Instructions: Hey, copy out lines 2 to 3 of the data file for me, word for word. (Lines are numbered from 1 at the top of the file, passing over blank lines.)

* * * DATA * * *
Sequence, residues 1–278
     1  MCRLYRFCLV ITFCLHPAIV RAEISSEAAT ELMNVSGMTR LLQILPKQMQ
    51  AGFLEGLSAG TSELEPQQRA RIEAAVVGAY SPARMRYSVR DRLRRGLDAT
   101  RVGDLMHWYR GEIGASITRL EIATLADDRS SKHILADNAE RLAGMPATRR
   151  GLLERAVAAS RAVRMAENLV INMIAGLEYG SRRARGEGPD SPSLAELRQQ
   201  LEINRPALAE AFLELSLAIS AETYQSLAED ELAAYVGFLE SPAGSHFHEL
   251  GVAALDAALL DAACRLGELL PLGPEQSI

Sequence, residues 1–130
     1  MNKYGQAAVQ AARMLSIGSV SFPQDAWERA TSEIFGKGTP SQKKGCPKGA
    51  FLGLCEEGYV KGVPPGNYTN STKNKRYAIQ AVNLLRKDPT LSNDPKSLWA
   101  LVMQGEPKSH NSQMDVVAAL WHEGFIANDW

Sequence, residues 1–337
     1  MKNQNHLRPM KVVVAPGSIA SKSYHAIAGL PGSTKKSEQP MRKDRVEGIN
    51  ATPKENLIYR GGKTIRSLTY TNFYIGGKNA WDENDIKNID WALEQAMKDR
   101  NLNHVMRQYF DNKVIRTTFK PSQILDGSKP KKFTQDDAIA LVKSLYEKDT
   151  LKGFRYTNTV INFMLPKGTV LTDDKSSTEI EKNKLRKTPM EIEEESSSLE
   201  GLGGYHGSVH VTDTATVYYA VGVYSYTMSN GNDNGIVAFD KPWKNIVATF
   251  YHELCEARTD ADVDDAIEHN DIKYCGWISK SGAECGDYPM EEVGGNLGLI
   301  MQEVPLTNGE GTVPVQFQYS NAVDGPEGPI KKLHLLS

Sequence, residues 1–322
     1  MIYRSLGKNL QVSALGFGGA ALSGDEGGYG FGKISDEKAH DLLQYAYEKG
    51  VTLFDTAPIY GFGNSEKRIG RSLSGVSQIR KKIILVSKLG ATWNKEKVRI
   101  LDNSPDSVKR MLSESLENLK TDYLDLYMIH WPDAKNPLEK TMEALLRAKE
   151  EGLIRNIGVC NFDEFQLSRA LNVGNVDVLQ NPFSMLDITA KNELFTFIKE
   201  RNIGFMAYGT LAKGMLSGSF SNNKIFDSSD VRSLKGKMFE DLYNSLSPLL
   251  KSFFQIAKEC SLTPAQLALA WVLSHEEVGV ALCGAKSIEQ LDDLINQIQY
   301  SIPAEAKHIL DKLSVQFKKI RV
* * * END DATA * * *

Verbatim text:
     1  MCRLYRFCLV ITFCLHPAIV RAEISSEAAT ELMNVSGMTR LLQILPKQMQ
    51  AGFLEGLSAG TSELEPQQRA RIEAAVVGAY SPARMRYSVR DRLRRGLDAT